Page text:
Brenton Hayden is a 30-year-old wunderkind who in eight short years has turned Renters Warehouse into the second-largest real estate management company in the country. But as he told TV host Steve Harvey last December, his rags to riches story had an early hiccup.
"In order to survive, I found that many of my clients were engaged in a scheme to defraud mortgage lenders, this not only tarnished the name of my company it embarrassed me," Hayden told Harvey, adding that he ultimately closed that business.
That business was a company called Hot Properties, and two of Hayden's closest employees have a different recollection of events.
"This guy was going to take me under his wing and show me the American Dream," said Jason Burns, the former Vice-President of Marketing for Hot Properties.
Hot Properties former Office Manager, Ian Smith, said, "I thought that was my future: investment real estate. I was wrong."
Smith and Burns met Brenton Hayden in late 2006, at the peak of the real estate bubble. Both men say they were young, and knew very little about real estate, but that Hayden convinced them both to buy investment properties that would eventually help them launch their own real estate empire.
"'Do you want a free house and a lot of money?' is what he told me," said Burns recalling his conversations with Hayden.
"There wasn't an investment real estate deal the Brenton would do if he wasn't getting paid on the back end by some equity," added Smith.
Smith says with Hayden's instructions filling out the paperwork, he bought a five-bedroom home in Eden Prairie, just down the street from where he was living in his mother's basement.
He says Hayden put down on the lending forms that Burns was making $12,400 a month. But Burns says that was closer to his annual income as a radio station intern.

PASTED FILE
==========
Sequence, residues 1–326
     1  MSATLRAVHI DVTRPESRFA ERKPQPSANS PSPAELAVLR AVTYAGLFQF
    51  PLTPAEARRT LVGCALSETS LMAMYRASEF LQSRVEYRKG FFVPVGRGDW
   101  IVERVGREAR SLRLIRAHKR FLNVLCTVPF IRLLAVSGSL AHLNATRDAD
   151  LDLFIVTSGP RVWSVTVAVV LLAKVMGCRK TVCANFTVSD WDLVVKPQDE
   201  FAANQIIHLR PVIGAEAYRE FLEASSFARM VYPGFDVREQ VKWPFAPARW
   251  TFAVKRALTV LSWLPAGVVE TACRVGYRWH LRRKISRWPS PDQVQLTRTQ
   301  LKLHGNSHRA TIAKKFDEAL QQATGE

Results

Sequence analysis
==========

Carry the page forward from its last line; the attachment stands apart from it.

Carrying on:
Burns purchased the Eden Prairie home for $455,000, but the bank loan was for $545,000.
Hot Properties got a commission of $14,987, plus an extra $58,587 as a "Pre-Paid Management Fee."
On the loan application Burns claimed $35,393 in the bank, but says the account was really controlled by a Hayden associate, and his name was added at the last minute.
"The way Brenton explained it everything made sense," Burns said. "People take out home equity loans all the time, you're just doing it upfront."
Burns said Hayden assured him, "I've done this 100 times. If it was illegal, I'd be in jail."
Ian Smith's real estate nightmare involved a four-plex on Chicago Avenue in Minneapolis. On the market for $440,000, Smith said Hayden instructed him to take out an Adjustable Rate Mortgage for $550,000, with a 17% interest rate.
Hot Properties got a so-called "facilitators fee" of $99,000.
Smith says Hayden would told him he would go into closing with no money down and walk out with $90,000 and would be stupid not to take the deal.
"I was stupid to take that deal," Smith said with a chuckle.
"Jason and Ian told me they really believed they were getting in the ground floor of building their own personal real estate empire," said their attorney, Glen Bruder.
Bruder told the Fox 9 Investigators their real estate deals were loaded with red flags: inflated income, inflated value of the properties, and payments disguised as facilitator and management fees.
By late 2007, the market had turned and lending rules changed. There would be no more real estate deals with Hot Properties. Within six weeks, Smith was underwater with the Chicago Avenue four-plex and would eventually declare bankruptcy. Burns would make payments on the Eden Prairie home for a year, before it eventually went into foreclosure and was sold at a sheriff's sale.